5th. March 1765. Grafted 15 English Mulberrys on wild Mulberry Stocks on the side of the Hill near the Spring Path. Note the Stocks were very Milkey.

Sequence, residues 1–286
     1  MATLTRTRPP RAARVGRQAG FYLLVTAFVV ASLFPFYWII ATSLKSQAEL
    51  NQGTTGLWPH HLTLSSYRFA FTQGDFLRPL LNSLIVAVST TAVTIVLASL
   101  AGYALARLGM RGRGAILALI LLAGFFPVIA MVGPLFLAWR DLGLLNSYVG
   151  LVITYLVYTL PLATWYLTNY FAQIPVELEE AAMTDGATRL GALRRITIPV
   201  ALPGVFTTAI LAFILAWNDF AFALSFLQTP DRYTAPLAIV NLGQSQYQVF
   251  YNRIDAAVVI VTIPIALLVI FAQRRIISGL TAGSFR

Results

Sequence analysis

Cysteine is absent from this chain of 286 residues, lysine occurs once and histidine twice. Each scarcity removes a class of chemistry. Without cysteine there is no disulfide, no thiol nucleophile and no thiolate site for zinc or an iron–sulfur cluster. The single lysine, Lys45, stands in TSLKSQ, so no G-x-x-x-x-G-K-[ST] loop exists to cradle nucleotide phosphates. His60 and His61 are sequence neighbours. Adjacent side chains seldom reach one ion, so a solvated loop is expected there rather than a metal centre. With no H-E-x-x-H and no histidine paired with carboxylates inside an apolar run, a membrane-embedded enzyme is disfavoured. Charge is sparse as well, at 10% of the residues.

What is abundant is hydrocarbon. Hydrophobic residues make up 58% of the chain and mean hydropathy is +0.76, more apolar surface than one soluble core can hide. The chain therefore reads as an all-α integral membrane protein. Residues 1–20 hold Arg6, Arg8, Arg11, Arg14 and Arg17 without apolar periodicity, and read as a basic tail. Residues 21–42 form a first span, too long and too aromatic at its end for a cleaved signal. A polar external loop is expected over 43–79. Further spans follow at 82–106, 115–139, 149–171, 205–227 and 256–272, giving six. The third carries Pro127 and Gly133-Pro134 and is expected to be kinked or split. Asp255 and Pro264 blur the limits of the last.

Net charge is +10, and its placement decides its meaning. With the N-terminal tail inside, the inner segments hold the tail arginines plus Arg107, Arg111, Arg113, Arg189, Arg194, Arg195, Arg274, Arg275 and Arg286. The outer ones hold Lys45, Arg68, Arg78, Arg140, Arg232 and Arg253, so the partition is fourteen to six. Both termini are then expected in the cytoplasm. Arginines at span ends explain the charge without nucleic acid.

There is no species known as the English mulberry, but Morus nigra, black mulberry, was commonly grown in England for its edible fruits. It was known to eighteenth-century Virginia planters as the English mulberry. While feeding silkworms on mulberry leaves and making paper from the bark were much discussed and attempted in GW’s day, there is no evidence that he raised the trees for anything but ornamentation and fruit. M. alba multicaulis, the white mulberry used in silkworm culture, is not mentioned in any of the Mount Vernon documents. GW purchased four young paper mulberry trees, Broussonetia papyrifera, from William Hamilton in Mar. 1792.